How to read a golf score card: All the information you need to fully understand and make use of its contents, and then fill it out correctly.
How To Read A Golf Score Card
On first glance, a golf score card contains a bamboozling assortment of numbers across a multi-coloured grid plus a selection of obscure looking instructions.
To the uninitiated eye, it’s a daunting prospect.
But having a good grasp of what those words and numbers indicate can help you more easily navigate a golf course, better understand its individual challenges and enjoy your game a little more overall.
Here we give you all the info you need on how to read a golf score card.
Decide on your tees
When you open a standard golf scorecard, you’ll see a grid with an array of numbers and blank spaces.
Before you do anything else, you should look for the information that will guide the decision on what tees you should play off.
There may be a grid showing the total par and yardage from each set of tees, together with course and slope ratings.
Otherwise, the totals at the bottom of the main grid will show total yardage and par from each set of tees.
Use those figures to decide which tees suit you – If you’re a beginner, choose the shorter option, more experienced players may opt for a longer challenge.
Filling in your details?
At the top of the main section of the score card you’ll find some basic details you should fill in before playing.
There are spaces to enter the date and time of your round, the event and the names of the players competing.
There’s also a space to put in those players’ WHS Handicap Index and then the strokes they will receive on the day.
There should be a board by the first tee or pro shop that tells you what your Course Handicap will be from each set of tees, based on handicap index.
But if not, the card can help.
From each set of tees – the card should state the Course Rating and the Slope Index.
To calculate your Course Handicap yourself, take the Slope Rating and divide by 113, then multiply that by your Handicap Index.
Then, depending on the format you’re playing, you can work out strokes received for each player.
Check the local rules
Before teeing off, the score card will also have a page, perhaps on the rear side of the card, giving you the local rules.
Read these carefully, as they vary between courses.
The local rules will contain information on where the out of bounds lies – It’s not always just beyond white stakes, other demarcations may apply.
There will also be details on penalty areas, integral objects, immovable obstructions and abnormal course conditions.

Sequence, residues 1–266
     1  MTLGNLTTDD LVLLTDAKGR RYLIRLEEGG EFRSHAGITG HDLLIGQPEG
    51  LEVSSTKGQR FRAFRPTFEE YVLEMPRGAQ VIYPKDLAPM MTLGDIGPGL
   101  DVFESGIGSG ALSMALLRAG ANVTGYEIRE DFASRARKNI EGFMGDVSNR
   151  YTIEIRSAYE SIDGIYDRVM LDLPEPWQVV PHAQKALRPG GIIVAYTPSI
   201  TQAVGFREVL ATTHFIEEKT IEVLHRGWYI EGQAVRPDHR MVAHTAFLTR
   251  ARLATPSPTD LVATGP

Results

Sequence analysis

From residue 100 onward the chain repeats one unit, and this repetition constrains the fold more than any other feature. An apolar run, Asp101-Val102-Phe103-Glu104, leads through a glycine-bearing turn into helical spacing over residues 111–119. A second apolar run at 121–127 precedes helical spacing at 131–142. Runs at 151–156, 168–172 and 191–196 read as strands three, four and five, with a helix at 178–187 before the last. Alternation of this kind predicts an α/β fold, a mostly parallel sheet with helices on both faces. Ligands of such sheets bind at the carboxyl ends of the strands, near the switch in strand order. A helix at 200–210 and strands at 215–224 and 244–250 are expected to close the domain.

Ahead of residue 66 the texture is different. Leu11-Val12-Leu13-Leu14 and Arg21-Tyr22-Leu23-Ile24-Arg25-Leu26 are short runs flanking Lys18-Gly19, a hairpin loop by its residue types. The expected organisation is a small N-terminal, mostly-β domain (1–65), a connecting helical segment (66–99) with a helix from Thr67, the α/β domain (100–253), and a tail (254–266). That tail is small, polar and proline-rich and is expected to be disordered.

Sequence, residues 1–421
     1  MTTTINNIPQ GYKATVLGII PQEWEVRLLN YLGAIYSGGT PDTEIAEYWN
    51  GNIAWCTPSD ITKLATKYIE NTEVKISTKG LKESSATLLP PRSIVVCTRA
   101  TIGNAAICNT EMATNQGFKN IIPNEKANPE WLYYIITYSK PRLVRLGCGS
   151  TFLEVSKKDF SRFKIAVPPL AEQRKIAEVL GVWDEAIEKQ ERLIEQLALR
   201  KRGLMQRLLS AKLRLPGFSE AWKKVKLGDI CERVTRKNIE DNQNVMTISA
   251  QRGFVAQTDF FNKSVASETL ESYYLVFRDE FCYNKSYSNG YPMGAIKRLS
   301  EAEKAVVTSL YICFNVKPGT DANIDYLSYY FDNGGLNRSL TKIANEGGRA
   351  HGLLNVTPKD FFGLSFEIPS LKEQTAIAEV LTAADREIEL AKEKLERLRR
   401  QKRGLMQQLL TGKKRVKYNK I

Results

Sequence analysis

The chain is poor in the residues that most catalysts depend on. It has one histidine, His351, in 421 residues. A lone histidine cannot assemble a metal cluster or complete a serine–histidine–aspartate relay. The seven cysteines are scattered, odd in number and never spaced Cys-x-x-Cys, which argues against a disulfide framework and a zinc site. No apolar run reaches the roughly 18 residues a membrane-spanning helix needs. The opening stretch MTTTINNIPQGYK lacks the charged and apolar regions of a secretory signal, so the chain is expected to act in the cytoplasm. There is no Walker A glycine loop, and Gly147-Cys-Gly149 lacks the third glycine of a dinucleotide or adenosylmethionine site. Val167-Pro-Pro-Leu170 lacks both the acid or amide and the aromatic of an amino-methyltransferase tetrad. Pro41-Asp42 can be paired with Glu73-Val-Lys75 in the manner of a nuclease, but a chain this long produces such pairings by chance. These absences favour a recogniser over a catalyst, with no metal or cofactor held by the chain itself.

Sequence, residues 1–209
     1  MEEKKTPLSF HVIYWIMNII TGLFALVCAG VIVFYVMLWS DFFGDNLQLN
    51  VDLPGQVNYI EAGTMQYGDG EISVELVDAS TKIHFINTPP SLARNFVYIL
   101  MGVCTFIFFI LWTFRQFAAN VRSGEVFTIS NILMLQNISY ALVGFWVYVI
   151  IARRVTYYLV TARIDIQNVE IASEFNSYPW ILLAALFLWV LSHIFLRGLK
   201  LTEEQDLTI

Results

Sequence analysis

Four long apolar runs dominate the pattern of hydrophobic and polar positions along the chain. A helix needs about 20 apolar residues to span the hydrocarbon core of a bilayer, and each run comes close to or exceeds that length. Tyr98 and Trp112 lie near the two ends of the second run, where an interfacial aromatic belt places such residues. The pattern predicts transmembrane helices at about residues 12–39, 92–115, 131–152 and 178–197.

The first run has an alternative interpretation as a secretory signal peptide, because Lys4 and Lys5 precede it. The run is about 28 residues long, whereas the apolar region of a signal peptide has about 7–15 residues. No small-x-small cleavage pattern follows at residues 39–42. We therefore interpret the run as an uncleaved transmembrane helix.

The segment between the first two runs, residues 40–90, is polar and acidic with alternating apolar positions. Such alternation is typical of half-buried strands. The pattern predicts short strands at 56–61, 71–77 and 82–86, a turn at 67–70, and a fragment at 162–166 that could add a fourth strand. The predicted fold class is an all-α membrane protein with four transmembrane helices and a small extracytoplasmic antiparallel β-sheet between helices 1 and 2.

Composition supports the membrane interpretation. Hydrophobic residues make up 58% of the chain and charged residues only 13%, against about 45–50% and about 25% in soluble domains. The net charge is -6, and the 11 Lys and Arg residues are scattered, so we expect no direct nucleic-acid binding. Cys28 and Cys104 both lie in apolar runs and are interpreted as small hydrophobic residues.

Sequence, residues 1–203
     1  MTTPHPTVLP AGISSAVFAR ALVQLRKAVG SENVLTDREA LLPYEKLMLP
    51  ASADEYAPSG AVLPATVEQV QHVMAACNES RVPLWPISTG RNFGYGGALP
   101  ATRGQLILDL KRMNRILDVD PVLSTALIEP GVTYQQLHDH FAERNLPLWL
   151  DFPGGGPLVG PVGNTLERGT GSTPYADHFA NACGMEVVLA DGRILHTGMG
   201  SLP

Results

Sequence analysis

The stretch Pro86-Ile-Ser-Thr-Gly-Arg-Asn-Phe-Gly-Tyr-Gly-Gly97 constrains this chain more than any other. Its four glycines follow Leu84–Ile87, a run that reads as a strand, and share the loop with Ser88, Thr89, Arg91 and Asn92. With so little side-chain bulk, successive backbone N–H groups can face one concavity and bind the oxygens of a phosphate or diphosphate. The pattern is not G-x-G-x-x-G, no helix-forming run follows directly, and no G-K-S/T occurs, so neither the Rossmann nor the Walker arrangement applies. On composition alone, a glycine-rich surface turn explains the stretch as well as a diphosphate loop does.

You should give the local rules a thorough read before you begin.
However, you can also refer back to them during the round if an unusual situation occurs.
To the first
Now, on to the course and the information you have for each hole.
In the row for hole one, a series of columns give information and space for inputting scores and/or points.
The first column will generally be hole number, then there will be columns giving the total hole yardage from each tee.
There will also be a column showing the par of the hole.
Then there will be columns showing the Stroke Index of the hole for men and women.
That number shows whether or not you will be giving or receiving a shot on the hole.
After this comes column spaces to enter scores for up to four players – probably labelled A, B, C and D.
Write in scores corresponding to the names you have entered for A, B, C and D in the spaces above.
This repeats for all holes through the 18th.
After 9 and 18
After 9 holes have been finished, the score card provides space for halfway totals.
Tally up scores for the front side to see how each player is progressing and to simplify total calculations at the end of 18.
When 18 holes are done, there are spaces for back nine total, front nine total and full total.
Below these there will be space to re-enter each player’s handicap, then below again space to input a nett (after handicap) total and, if appropriate to the format, a points total.
Finish up and sign
Last thing to do is to sign your card.
There will be spaces for Marker’s and Player’s signatures.
Verify scores with the “Player” then sign the card you have marked as “Marker.” He or she should then sign as “Player” – Repeat in reverse with the person who has marked your card.
How to read a golf score card then?
Don’t be overawed by the details – each number and piece of written information could be useful to you.
Take on board the pars, yardage and slope ratings from different tees, have a good look at the local rules and then fill out the relevant spaces carefully.
At the end of a game, there’s something very satisfying about an accurately completed score card.
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Fergus is Golf Monthly's resident expert on the history of the game and has written extensively on that subject. He is a golf obsessive and 1-handicapper. Growing up in the North East of Scotland, golf runs through his veins and his passion for the sport was bolstered during his time at St Andrews university studying history. He went on to earn a post graduate diploma from the London School of Journalism. Fergus has worked for Golf Monthly since 2004 and has written two books on the game; "Great Golf Debates" together with Jezz Ellwood of Golf Monthly and the history section of "The Ultimate Golf Book" together with Neil Tappin , also of Golf Monthly.
Fergus once shanked a ball from just over Granny Clark's Wynd on the 18th of the Old Course that struck the St Andrews Golf Club and rebounded into the Valley of Sin, from where he saved par. Who says there's no golfing god?
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